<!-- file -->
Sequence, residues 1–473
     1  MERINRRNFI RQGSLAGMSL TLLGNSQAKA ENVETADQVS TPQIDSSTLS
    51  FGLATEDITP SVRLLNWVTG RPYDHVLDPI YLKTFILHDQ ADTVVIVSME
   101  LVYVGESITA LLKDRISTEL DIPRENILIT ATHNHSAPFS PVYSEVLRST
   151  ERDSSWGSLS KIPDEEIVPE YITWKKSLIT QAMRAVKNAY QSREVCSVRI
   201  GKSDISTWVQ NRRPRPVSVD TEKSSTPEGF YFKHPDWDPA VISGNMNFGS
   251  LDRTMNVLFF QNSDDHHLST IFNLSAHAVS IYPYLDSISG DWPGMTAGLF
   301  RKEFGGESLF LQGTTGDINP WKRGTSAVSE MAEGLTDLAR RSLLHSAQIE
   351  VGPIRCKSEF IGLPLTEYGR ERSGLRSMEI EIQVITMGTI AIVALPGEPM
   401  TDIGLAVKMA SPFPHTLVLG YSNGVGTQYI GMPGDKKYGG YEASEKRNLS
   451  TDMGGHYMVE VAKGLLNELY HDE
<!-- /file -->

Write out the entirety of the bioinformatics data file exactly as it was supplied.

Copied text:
Sequence, residues 1–473
     1  MERINRRNFI RQGSLAGMSL TLLGNSQAKA ENVETADQVS TPQIDSSTLS
    51  FGLATEDITP SVRLLNWVTG RPYDHVLDPI YLKTFILHDQ ADTVVIVSME
   101  LVYVGESITA LLKDRISTEL DIPRENILIT ATHNHSAPFS PVYSEVLRST
   151  ERDSSWGSLS KIPDEEIVPE YITWKKSLIT QAMRAVKNAY QSREVCSVRI
   201  GKSDISTWVQ NRRPRPVSVD TEKSSTPEGF YFKHPDWDPA VISGNMNFGS
   251  LDRTMNVLFF QNSDDHHLST IFNLSAHAVS IYPYLDSISG DWPGMTAGLF
   301  RKEFGGESLF LQGTTGDINP WKRGTSAVSE MAEGLTDLAR RSLLHSAQIE
   351  VGPIRCKSEF IGLPLTEYGR ERSGLRSMEI EIQVITMGTI AIVALPGEPM
   401  TDIGLAVKMA SPFPHTLVLG YSNGVGTQYI GMPGDKKYGG YEASEKRNLS
   451  TDMGGHYMVE VAKGLLNELY HDE